as it burns
In the summer of 2014, I read Cormac McCarthy’s haunting novel, “The Road,” and became fascinated by the book’s depiction of the decay of a society in crisis. I briefly considered creating a piece based on these ideas, but ultimately decided against it, choosing instead to combine and develop a few small ideas from my sketches. Around this time, the nation was rocked by news of violence and unrest from New York and Ferguson, and it became difficult to hear these stories of brutality without being reminded of McCarthy’s bleak tale. As the piece progressed, I began to notice the music taking an unexpected turn. Though I was not attempting to consciously incorporate my feelings on these violent episodes, I could not deny that they seemed to be permeating the work: the menacing character, sense of uncertainty and interruption, and gradual deterioration of musical ideas in the first movement, the sense of mourning and frustration in the second.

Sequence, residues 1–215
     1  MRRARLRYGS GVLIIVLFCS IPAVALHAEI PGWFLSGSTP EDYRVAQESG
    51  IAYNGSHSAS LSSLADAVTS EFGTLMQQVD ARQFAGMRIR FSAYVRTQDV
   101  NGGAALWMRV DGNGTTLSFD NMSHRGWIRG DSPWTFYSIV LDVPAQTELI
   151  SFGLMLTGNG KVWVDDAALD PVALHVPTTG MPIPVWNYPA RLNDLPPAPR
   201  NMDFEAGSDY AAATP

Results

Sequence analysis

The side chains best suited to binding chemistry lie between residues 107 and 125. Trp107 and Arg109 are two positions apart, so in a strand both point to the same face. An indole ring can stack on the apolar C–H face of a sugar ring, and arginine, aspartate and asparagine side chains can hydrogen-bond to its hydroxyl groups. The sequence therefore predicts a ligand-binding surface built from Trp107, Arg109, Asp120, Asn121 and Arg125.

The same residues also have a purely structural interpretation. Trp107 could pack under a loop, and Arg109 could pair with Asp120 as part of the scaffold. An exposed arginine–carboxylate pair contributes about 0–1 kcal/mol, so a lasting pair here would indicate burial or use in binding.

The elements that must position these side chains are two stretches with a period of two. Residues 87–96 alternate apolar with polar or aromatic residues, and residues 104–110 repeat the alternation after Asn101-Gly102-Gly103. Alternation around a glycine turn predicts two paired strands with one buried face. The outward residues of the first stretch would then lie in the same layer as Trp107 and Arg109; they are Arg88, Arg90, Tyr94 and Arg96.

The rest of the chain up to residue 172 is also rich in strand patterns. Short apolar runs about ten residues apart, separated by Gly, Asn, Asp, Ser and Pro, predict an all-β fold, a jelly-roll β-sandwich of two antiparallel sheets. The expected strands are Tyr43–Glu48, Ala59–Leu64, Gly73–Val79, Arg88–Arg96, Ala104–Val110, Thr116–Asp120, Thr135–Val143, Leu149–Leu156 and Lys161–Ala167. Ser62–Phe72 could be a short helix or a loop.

As I neared the completion of the piece, it became clear to me that there was most certainly a subject matter to it, though not one that I had originally planned. Sometimes works are an expression of artistic intention; other times they are a journey of self-discovery. I decided on the title, “As it Burns,” as both a reflection of the violence that is far too prevalent in our society, and a tribute to the passion and perseverance of those who continue struggle for justice and equality.
Concert Premiere: October 28th, 2015, by the University of Texas New Music Ensemble, Dan Welcher conducting, Bates Recital Hall, Austin, TX.